3 Ways to smooth out the Ups and Downs of Marketing
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Small business can be a pretty wild ride. You land a big deal, have a big day, hit on all cylinders and you are on top of the world!
Then you start doing the work, you focus on delivery, you’re working really hard…in your business. It’s a sweet, fast ride downhill all the way.
You deliver the goods, the service – what ever it was the client wanted and then you realize, you’ve got nothing lined up for tomorrow.
You’re at the bottom preparing for an uphill climb of marketing to get you that next influx of business.
You are on the roller coaster business cycle and unfortunately it’s all too common and if you don’t figure out how to manage it, it will eventually sink you.
Knowing it’s an issue, what can you do to get out of this painful cycle?
Plan ahead to smooth out the curves
The first step is to map out an overall marketing strategy – ideally for the whole year. It doesn’t have to be terribly detailed, in fact it can fit on a page or two, but plan ahead and lock up some dates for initiatives.
Maybe it’s a direct mail campaign that coincides with going back to school. Maybe it’s a quarterly seminar / workshop and you need to reserve the date and work backward to plan when you would start driving attendance. It could be reserving the month when you are going to redo your website and work on Search Engine Optimization issues or locking down the dates for starting to work with a business coach. 😉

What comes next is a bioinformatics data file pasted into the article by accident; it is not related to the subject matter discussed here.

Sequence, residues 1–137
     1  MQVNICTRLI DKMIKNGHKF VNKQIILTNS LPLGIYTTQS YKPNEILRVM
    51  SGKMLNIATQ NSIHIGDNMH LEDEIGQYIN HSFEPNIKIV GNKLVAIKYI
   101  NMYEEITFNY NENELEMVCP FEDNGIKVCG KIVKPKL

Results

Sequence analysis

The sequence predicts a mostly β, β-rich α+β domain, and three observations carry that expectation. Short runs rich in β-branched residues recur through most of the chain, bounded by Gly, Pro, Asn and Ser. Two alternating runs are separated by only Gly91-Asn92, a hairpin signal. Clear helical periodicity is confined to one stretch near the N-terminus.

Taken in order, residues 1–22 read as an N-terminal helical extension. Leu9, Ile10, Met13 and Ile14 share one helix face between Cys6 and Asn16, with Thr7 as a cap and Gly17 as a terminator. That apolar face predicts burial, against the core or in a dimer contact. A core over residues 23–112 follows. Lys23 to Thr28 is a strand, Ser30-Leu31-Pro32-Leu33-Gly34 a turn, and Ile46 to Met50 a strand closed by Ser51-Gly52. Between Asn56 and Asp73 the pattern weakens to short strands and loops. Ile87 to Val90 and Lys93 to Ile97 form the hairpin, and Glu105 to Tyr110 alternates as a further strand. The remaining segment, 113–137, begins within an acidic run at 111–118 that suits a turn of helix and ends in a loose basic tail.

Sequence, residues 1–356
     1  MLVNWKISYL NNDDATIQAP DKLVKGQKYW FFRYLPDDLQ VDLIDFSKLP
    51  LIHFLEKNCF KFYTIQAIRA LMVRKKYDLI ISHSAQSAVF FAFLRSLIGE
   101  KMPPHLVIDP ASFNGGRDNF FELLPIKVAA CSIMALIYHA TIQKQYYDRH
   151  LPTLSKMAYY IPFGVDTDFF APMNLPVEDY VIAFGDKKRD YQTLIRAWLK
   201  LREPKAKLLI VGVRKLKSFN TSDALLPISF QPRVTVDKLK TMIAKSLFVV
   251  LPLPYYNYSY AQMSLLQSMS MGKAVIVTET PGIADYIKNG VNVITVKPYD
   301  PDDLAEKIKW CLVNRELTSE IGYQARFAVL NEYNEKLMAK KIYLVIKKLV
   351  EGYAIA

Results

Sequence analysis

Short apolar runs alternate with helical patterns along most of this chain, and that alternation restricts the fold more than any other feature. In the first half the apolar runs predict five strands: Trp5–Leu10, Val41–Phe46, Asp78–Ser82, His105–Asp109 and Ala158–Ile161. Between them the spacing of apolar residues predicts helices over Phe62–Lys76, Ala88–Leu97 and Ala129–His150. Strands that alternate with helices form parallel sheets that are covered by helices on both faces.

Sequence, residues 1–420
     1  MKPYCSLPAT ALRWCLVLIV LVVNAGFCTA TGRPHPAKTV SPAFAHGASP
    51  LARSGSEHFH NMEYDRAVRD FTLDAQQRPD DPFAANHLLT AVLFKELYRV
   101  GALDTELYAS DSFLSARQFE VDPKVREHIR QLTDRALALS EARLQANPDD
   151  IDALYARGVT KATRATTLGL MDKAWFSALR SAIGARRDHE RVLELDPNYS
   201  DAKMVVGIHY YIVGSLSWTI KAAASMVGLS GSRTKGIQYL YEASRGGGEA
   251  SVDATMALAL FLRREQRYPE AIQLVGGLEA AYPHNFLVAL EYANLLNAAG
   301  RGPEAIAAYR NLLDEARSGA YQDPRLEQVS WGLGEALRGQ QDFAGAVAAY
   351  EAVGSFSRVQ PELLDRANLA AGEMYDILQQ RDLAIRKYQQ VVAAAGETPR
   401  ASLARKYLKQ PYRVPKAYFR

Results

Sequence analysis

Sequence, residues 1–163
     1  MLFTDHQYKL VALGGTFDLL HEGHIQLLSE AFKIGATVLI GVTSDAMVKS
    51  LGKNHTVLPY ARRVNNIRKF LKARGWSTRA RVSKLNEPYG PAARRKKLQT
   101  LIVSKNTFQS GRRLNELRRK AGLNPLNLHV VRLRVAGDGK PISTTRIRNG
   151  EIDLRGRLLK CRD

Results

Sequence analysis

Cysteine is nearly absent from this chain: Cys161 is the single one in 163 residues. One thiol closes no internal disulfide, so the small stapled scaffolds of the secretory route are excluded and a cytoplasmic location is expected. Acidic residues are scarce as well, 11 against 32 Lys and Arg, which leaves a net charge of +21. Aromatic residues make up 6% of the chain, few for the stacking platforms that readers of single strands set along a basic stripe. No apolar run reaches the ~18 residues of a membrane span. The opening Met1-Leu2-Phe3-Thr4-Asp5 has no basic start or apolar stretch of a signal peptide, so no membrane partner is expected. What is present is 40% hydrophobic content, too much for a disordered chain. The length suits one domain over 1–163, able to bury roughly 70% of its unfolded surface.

The important thing is to spend some quality time developing a plan – even if you don’t stick to it exactly (and you probably won’t) just having something to work from will make a big difference.
Use multiple strategies to keep smooth acceleration
Optimizing your website is a long term marketing play for most businesses. It can have a big lift over time, but it’s not likely to do anything for you this month…or even the next 3 months.
Conversely something like direct mail and phone follow-ups are very time sensitive. If you wait 2 or 3 weeks after the prospect receives the direct mail, you might as well not call, they’re not going to remember who you are.
Networking or presenting workshops would be more medium term strategies. You are actively pursuing contacts, but it may take a while for things to come together.
The key is to have a mix of several strategies operating at once, 1 or 2 short term activities every month, a couple of medium term and some long term things going on in the background. A business that has 10 strategies running consistently is on top of the game and probably not getting big swings, just continued growth.
Automate to minimize the downtime
Finally, the other big key to avoiding the ups and downs is to really put things into a marketing system and automate where you can. In this case, a marketing system is a series of repeatable tasks that can be documented, delegated and in some cases, automated.
A great example of an automated marketing process is the use of an auto responder for people that contact you via your website (or otherwise). The easy example would be a prospect downloading a white paper you developed in exchange for sharing their email address. From their, your auto responder will follow up with that person over a period of several months, sharing valuable information and occasionally pitching the appropriate offer for the next ‘low hurdle’ offering.
People will buy when they’re ready to buy – the job of the automated system is to stay in front of them in a helpful nice way until that happens.
What other ways can you think of to smooth out the ups and downs of a small business? Share them below.
Shawn Kinkade Kansas City Small Business Coach